For years, the county staff networked with schools and other places to run programs like a junior volleyball league that filled school gyms.

Unfortunately, school needs lessened the availability.

“The demands on the schools became too much,” he said. “It wasn’t that they didn’t want us there. They just didn’t have room for us.

“Some of those programs went away but now they’re going to come back.”

Mr. Mumford said the county did not have a study done to determine the needs of the community and how the recreation center, its new turf field and soon-to-be developed additional field space could best serve them.

The obvious part, though, was that people are looking for recreation and league opportunities.

“If you look at Brecknock Park on a daily basis, you’ll see the lacrosse teams and soccer teams that are out there, people with Little League and softball teams looking for places to practice,” he said. “When winter time comes, you know that the kids are still wanting to do something.”

During our interview Thursday, he pointed out the four basketball courts, the lines already in place for multiple volleyball and pickle ball courts and the screens that will divide the areas.

Pickle ball, the paddle-and-plastic ball game that resembles tennis, is now a rage with older athletes, The Delaware Senior Games have already arranged for use of the recreation center for a state tournament.

He said the center will be great for popular indoor field hockey, lacrosse, futsal and flag football leagues, too.

Registrations in parks and recreation programs have been about 10,000 in recent years, said Jeremy Sheppard, the county’s parks and recreation director. He said they envision the number quadrupling with the new rec center.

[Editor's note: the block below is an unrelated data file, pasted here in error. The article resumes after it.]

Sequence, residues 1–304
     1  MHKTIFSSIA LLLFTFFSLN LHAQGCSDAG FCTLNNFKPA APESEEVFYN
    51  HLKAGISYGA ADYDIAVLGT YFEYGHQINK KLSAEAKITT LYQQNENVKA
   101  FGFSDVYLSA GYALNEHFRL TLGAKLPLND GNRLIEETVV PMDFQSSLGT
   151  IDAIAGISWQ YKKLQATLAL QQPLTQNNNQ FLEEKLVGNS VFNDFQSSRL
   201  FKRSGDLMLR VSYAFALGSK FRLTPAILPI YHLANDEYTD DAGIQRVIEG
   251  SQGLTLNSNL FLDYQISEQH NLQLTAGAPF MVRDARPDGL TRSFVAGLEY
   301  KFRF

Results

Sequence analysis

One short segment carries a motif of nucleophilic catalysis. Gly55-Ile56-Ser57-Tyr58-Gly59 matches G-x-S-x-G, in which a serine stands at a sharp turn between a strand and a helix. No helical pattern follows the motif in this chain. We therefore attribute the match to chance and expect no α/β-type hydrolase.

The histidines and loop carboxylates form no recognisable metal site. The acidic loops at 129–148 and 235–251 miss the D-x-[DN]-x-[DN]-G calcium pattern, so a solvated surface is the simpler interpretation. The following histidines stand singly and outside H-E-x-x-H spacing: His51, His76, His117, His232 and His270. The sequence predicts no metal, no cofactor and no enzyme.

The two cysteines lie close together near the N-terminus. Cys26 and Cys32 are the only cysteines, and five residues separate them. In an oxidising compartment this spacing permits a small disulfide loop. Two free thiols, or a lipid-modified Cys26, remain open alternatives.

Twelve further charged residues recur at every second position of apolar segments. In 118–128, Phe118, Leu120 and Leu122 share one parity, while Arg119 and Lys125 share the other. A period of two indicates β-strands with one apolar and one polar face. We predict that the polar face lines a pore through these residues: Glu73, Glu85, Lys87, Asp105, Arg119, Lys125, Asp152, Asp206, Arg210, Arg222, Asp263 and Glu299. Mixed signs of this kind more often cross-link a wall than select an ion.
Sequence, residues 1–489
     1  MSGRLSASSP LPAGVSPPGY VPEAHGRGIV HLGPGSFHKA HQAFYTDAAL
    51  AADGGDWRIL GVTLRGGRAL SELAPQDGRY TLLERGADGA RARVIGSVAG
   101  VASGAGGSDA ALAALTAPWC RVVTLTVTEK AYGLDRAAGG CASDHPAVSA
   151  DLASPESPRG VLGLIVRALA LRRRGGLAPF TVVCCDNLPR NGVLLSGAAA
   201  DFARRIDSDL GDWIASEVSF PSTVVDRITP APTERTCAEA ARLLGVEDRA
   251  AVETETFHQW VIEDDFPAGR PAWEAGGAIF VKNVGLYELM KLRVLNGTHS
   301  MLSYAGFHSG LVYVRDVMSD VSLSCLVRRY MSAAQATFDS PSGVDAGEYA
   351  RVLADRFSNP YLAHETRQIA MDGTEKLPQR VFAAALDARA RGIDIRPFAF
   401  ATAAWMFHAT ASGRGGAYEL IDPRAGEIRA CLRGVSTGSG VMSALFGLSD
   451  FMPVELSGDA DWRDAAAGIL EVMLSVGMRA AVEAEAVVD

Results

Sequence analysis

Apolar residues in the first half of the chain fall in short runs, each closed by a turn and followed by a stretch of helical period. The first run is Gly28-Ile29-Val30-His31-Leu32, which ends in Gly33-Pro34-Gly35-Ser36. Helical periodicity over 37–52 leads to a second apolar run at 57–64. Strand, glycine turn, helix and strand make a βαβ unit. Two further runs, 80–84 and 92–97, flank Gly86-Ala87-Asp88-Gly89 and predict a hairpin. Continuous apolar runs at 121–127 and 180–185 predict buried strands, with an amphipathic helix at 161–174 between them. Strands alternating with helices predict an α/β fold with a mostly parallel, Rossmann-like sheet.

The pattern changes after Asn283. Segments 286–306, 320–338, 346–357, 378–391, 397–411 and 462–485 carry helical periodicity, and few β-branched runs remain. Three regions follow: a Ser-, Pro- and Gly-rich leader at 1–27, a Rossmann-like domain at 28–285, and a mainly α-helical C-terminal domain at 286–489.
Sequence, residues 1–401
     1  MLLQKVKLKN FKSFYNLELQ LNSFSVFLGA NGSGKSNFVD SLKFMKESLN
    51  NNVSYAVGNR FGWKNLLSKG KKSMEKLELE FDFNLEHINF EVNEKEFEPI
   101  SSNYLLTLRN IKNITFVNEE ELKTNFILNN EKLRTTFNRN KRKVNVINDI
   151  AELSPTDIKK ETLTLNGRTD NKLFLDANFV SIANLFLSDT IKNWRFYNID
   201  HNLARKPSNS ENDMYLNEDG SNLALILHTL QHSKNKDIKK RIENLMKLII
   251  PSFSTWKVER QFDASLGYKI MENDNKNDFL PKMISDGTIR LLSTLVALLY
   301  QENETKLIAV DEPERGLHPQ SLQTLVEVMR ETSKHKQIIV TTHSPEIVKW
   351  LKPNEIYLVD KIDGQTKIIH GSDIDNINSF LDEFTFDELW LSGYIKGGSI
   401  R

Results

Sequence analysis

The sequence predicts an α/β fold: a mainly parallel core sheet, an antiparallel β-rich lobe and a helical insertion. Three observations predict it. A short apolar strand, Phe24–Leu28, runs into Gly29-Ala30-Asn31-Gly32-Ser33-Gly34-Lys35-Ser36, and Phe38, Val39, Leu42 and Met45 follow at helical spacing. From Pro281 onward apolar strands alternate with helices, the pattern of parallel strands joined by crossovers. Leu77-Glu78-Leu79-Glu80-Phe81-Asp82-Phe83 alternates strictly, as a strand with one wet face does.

“I always thought it would happen,” Mr. Mumford said. “I just wasn’t sure when.”


Mr. Mumford, who lives in Dover, said he would not be a stranger around the county sports and recreation scene, and plans to continue officiating wrestling as he has done for decades.

He hopes to continue his involvement with the county as a Levy Court commissioner, having filed to run against Allan Angel for the District 3 seat. The two will meet in Democratic Party primary in September.

“I’m going to have time and I just think it’s a good way to keep giving back to the people in the community that have given a lot to me over the years,” he said.

There were a few laughs as the Levy Court commissioners passed the microphone around to offer some remarks on Mr. Mumford’s retirement.

“It’s good to vote to get you out of here,” joked Commissioner Eric Buckson.

“I’ve been involved in high school wrestling for 25 years,” Mr. Buckson noted. “And I have been ejected one time and he was the referee.”

Commissioner Terry Pepper noted it was odd that Mr. Mumford and he crossed paths in county government after years of not seeing each other. The two were in the same homerooms in first through sixth grades when they were in elementary school in Georgetown.

It was the Georgetown upbringing that exposed Mr. Mumford to sports and recreation and he recalled how what Little League and other opportunities meant to the community.

“People back then, that was all volunteer stuff,” he said.

Looking back, he reflected on how it impacted his career pursuits.

He said he has been fortunate to have a fun job and a great people on his team.

“Kent County has made great strides since 1986,” he said in his remarks at Levy Court last week. “I’d like to thank Levy Court for making those happen. I’m proud to have been a part of that and I hope the next 30 years are even better.”